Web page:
From Computer History Wiki
Jump to: navigation, search

A arbiter is a device which examines two or more signals which are either:

  • synchronous, but using clocks which are not fixed relative to one another; or
  • at least one is asynchronous

and decides which of them arrived first.

For signals that arrive more or less simultaneously (i.e. a so-called 'race' condition), it is usually more important that the arbiter pick one relatively quickly, without dithering too long over the choice. That is because the chief function of an arbiter is usually to provide mutual exclusion; i.e. to prevent two different clients from trying to use a single resource at the same time.

If the incoming signals are aligned 'just right' (in other words, 'just wrong'), this process can be subject to meta-stability issues, if the circuitry is constructed of standard digital components (flip-flops, etc).

One early solution is to use a special-purpose component called a 'three-output flip-flop', which has a 'not done yet' output in addition to the normal '0' and '1' outputs. The third output is produced by the addition of two analog comparators, which look at the output, and check to see if it is above a low margin, and below a high margin (i.e. the output has not yet settled into one state or another).

Even this kind of arbiter is not guaranteed to produce an answer within a fixed, bounded time (it is currently believed that this is theoretically impossible), but at least the user is aware that such an arbiter is still dithering. By suitable engineering, it is however possible to create arbiters that do meet a modest timing limit an extremely high percentage of the time (with failure rates on the order of centuries).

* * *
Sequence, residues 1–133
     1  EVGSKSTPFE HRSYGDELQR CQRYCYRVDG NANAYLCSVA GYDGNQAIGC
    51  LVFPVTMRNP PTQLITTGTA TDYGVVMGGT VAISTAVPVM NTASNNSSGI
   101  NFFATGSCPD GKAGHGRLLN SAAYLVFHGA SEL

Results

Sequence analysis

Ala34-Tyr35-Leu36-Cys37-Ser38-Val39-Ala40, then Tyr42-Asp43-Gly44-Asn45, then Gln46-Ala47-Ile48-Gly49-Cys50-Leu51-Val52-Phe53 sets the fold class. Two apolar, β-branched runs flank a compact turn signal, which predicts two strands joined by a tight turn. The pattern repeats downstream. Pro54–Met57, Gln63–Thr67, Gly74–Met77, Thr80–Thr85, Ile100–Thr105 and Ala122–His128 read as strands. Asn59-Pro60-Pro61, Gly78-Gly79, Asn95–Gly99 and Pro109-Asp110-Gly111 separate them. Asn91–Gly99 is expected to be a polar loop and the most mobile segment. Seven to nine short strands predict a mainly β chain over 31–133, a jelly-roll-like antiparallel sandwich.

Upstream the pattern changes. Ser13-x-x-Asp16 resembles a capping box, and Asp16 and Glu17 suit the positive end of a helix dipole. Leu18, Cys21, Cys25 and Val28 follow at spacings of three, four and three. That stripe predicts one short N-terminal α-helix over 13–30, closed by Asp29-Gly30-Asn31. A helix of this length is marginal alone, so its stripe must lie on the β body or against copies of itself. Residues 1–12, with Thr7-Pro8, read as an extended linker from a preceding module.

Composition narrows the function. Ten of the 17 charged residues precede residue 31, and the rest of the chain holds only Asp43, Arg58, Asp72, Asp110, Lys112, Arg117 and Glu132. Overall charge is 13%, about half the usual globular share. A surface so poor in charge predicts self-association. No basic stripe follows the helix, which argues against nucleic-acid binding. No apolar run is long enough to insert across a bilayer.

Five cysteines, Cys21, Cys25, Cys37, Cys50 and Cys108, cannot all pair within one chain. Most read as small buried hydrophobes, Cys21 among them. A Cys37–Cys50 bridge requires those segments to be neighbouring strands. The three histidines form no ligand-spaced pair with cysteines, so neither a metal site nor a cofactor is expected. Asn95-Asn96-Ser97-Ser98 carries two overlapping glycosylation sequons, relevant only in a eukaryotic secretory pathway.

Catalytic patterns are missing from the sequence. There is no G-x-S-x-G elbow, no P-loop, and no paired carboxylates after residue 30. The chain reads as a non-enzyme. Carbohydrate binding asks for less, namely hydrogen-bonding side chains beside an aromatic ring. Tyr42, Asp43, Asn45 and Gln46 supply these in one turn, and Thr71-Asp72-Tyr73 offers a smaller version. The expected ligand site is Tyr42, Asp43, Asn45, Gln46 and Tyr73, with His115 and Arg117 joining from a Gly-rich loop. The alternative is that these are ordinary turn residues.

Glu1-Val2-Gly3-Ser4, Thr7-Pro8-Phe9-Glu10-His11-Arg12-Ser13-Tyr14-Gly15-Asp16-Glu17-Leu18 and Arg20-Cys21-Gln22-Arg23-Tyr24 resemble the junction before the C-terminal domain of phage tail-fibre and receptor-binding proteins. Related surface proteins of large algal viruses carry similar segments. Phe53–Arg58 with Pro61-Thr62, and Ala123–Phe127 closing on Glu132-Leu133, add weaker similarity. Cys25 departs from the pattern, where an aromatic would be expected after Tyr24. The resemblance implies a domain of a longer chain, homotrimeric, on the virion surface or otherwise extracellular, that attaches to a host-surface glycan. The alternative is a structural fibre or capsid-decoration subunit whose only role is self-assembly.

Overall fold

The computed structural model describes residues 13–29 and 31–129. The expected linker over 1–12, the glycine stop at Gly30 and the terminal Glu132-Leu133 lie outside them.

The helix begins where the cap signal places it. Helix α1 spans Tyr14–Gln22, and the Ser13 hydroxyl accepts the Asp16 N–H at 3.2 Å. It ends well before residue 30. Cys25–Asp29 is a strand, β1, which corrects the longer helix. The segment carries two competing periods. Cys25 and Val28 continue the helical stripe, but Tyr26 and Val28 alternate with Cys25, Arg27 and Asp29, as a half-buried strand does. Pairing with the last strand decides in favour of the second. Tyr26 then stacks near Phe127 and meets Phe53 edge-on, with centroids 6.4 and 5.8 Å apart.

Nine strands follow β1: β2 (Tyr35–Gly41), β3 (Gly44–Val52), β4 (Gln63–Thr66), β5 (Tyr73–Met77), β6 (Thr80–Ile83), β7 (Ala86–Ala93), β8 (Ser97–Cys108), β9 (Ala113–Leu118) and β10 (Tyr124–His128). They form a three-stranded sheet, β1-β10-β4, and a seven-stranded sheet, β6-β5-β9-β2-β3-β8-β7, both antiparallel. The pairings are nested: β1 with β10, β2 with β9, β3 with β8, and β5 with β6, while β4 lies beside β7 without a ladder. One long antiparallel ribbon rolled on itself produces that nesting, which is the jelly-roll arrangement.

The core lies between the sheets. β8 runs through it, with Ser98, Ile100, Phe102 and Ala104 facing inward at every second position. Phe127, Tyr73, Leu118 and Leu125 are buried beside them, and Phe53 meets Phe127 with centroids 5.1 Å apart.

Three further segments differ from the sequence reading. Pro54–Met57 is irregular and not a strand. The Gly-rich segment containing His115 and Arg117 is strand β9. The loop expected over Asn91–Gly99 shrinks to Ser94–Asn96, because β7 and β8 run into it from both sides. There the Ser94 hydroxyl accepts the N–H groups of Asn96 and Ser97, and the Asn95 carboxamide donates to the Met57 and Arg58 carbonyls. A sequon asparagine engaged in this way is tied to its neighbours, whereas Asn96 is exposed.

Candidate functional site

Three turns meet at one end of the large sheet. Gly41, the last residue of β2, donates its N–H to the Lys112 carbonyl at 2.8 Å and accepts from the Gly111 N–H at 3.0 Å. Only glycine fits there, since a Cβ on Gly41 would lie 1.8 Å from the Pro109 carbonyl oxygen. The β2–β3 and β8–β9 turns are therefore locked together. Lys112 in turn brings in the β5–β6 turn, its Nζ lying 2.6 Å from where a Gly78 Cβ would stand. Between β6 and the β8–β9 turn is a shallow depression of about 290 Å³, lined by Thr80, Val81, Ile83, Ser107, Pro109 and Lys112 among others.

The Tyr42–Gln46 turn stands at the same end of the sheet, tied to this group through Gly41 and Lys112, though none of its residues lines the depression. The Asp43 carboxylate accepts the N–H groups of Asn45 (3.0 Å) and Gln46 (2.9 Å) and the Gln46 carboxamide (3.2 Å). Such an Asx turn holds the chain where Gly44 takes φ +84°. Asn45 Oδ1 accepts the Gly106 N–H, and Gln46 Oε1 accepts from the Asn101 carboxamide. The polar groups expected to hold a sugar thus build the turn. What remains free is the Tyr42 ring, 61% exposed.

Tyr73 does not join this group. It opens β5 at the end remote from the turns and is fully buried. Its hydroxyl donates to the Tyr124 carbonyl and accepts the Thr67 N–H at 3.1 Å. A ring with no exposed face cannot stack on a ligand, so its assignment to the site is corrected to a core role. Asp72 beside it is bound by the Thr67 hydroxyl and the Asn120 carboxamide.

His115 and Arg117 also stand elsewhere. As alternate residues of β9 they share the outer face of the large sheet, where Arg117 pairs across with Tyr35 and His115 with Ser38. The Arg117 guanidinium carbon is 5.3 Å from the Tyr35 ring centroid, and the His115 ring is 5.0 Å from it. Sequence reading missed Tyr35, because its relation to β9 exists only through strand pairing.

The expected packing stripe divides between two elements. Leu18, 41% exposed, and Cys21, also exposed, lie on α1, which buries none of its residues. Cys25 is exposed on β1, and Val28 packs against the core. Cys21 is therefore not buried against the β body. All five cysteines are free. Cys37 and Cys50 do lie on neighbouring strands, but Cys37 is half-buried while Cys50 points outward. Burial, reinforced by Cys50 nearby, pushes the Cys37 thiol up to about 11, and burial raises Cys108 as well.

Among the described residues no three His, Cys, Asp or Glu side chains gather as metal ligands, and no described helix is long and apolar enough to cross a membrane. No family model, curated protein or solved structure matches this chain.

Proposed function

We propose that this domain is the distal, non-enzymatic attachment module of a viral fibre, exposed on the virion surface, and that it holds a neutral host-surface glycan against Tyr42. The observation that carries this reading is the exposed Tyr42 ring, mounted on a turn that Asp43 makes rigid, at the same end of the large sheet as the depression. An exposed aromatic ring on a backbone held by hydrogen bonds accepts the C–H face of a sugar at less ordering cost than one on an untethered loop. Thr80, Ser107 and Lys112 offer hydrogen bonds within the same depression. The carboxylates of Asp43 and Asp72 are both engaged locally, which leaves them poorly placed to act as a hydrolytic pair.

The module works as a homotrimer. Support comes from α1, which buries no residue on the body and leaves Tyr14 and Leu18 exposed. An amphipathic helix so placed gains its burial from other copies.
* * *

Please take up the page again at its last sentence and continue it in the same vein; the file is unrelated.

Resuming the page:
If a specialized three-output flip-flop is not available, one common approach is to use a two-flop design, of the kind used in synchronizers.

Further reading

  • Warren Mackie Littlefield, Thomas J. Chaney, "The Glitch Phenomenon", Technical Memo No. 10, Washington University in St. Louis, 1966 - An extensive look at early WUSTL work on meta-stability, it includes an amusing analogy to describe the arbiter meta-stability problem
  • Warren Mackie Littlefield, Thomas J. Chaney, "The Synchronizer "Glitch" Problem", Technical Report No. 47, Washington University in St. Louis, 1974 - Includes perhaps the earliest description of the 'three-output flip-flop' solution
  • David J. Kinniment, John V. Woods, "Synchronization and Arbitration Circuits in Digital Systems", Proceedings of the IEEE, Vol. 123, pp. 961-966, 1976 - A crisp description of the three-output flip-flop solution